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batter1

[bat-er]
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verb (used with object)
  1. to beat persistently or hard; pound repeatedly.
  2. to damage by beating or hard usage: Rough roads had battered the car. High winds were battering the coast.
verb (used without object)
  1. to deal heavy, repeated blows; pound steadily: continuing to batter at the front door.
noun
  1. Printing.
    1. a damaged area on the face of type or plate.
    2. the resulting defect in print.

Origin of batter1

1300–50; Middle English bateren, probably < Middle French, Old French batre to beat (see bate2), with the infinitive ending identified with -er6; compare Anglo-French baterer

Synonyms

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1. belabor, smite, pelt. 2. bruise, wound; smash, shatter, shiver; destroy, ruin.

batter2

[bat-er]
noun
  1. a mixture of flour, milk or water, eggs, etc., beaten together for use in cookery.
verb (used with object)
  1. to coat with batter.

Origin of batter2

1350–1400; Middle English bat(o)ur, bat(e)re, perhaps < Anglo-French bature, Old French bat(e)ure act of beating (bat(re) to beat (see bate2) + -eure < *-ātūra; see -ate2, -ure), reinforced by batter1

batter4

[bat-er]Architecture
verb (used without object)
  1. (of the face of a wall or the like) to slope backward and upward.
noun
  1. a backward and upward slope of the face of a wall or the like.

Origin of batter4

First recorded in 1540–50; of obscure origin
Dictionary.com Unabridged Based on the Random House Unabridged Dictionary, © Random House, Inc. 2018

Examples from the Web for battered

Contemporary Examples

Historical Examples

  • So he just sat there, quivering, bleeding, battered—but a conqueror.

    A Night Out

    Edward Peple

  • He looked round him for the battered article that served him for head-gear.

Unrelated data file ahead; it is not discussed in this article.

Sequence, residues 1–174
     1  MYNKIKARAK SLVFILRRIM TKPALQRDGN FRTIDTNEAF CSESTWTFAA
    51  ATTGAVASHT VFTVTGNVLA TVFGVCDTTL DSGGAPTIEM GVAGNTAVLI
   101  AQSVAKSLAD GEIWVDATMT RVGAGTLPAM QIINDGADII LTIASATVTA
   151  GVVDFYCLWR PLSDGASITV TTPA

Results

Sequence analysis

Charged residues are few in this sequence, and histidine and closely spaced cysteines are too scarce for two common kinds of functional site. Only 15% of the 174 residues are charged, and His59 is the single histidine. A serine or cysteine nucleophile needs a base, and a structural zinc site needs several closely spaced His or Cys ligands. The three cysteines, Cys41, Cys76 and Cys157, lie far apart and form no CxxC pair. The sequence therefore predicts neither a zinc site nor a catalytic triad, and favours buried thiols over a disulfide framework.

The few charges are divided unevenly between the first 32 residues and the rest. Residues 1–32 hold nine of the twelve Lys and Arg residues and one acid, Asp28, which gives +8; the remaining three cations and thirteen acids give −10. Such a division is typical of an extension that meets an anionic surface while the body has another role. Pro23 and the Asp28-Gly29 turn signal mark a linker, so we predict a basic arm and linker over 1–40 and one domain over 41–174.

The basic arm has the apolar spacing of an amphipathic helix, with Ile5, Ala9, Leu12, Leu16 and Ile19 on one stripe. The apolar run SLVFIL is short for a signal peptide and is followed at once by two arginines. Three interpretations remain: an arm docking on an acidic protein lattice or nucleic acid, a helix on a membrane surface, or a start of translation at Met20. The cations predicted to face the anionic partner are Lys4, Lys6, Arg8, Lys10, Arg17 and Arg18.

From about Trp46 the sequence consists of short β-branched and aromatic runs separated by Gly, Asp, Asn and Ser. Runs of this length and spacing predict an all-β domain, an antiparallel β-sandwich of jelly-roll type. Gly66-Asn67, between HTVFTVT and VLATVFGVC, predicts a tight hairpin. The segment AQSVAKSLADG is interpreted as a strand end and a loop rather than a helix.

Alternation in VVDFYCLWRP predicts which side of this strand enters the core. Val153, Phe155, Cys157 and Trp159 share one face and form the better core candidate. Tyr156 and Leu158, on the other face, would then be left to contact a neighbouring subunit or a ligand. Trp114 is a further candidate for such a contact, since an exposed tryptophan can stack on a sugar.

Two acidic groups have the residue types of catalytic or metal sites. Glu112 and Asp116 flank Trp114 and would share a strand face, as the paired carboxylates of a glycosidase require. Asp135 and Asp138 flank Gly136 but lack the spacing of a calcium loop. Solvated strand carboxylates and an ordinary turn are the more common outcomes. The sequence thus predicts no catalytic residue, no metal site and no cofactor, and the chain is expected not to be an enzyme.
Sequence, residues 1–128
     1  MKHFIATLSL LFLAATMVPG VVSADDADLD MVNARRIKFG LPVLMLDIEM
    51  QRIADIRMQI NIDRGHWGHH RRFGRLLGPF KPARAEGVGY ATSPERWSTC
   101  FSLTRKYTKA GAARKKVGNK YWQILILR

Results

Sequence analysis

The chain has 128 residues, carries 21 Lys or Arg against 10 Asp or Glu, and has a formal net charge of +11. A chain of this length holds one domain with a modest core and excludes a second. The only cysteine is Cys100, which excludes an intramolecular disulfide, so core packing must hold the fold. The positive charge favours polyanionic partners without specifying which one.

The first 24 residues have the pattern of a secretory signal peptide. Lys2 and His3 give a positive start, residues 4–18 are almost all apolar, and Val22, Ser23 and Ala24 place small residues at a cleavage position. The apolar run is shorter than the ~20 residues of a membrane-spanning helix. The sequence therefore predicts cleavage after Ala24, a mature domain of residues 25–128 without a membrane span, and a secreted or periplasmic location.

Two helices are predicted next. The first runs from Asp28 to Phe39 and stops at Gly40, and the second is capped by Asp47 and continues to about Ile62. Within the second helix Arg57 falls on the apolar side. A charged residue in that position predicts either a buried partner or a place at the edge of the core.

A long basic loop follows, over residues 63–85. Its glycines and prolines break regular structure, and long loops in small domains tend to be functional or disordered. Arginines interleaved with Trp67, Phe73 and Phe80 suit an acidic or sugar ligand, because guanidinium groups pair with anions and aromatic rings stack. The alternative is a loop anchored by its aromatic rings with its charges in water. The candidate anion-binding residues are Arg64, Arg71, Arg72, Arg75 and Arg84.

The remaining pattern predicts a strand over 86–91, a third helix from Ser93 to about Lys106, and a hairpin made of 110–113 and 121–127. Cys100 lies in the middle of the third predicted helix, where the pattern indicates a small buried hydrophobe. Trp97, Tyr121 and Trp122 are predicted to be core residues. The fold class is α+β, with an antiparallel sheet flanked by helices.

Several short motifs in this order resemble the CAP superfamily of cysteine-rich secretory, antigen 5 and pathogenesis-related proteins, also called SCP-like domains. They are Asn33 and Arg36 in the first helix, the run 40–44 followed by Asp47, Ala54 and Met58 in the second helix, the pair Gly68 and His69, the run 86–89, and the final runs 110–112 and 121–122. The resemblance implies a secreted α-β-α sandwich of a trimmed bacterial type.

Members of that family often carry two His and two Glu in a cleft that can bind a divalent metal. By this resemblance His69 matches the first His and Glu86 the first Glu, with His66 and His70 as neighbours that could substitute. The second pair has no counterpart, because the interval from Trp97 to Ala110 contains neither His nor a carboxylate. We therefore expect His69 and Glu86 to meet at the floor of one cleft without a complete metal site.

The Coryston Family

    Mrs. Humphry Ward

  • Battered and worn from the day's impressions I wanted to be alone and to think.

    The Harbor

    Ernest Poole

  • Dimly as she passed below I could see how old she was, how worn and battered by the waves.

    The Harbor

    Ernest Poole

  • The memory of that bruised and battered face was warning enough.

    Sure Pop and the Safety Scouts

    Roy Rutherford Bailey


British Dictionary definitions for battered

battered1

adjective
  1. subjected to persistent physical violence, esp by a close relative living in the same housea battered baby

battered2

adjective
  1. coated in battera battered cod

batter1

verb
  1. to hit (someone or something) repeatedly using heavy blows, as with a club or other heavy instrument; beat heavily
  2. (tr; often passive) to damage or injure, as by blows, heavy wear, etc
  3. (tr) social welfare to subject (a person, esp a close relative living in the same house) to repeated physical violence
  4. (tr) to subject (a person, opinion, or theory) to harsh criticism; attack

Word Origin

C14 bateren, probably from batten to bat 1

batter2

noun
  1. a mixture of flour, eggs, and milk, used to make cakes, pancakes, etc, and to coat certain foods before frying

Word Origin

C15 bater, probably from bateren to batter 1

batter3

noun
  1. sport a player who bats

batter4

noun
  1. the slope of the face of a wall that recedes gradually backwards and upwards
verb
  1. (intr) to have such a slope

Word Origin

C16 (vb: to incline): of uncertain origin

batter5

noun
  1. a spree or debauch

Word Origin

C19: of unknown origin
Collins English Dictionary - Complete & Unabridged 2012 Digital Edition © William Collins Sons & Co. Ltd. 1979, 1986 © HarperCollins Publishers 1998, 2000, 2003, 2005, 2006, 2007, 2009, 2012

Word Origin and History for battered

batter

v.

"strike repeatedly, beat violently and rapidly," early 14c., from Old French batre "to beat, strike" (11c., Modern French battre "to beat, to strike"), from Latin battuere "to beat, strike," an old word in Latin, but almost certainly borrowed from Gaulish, from PIE root *bhau- "to strike" (cf. Welsh bathu "beat;" Old English beadu "battle," beatan "to beat," bytl "hammer, mallet"). Began to be widely used 1962 in reference to domestic abuse. Related: Battered; battering. Battering-ram is an ancient weapon (Latin aries), but the word attested only from 1610s.

batter

n.

"flour, eggs, and milk beaten together," late 14c., from Old French batteure "a beating," from Latin battuere "to beat, knock" (see batter (v.)).

Online Etymology Dictionary, © 2010 Douglas Harper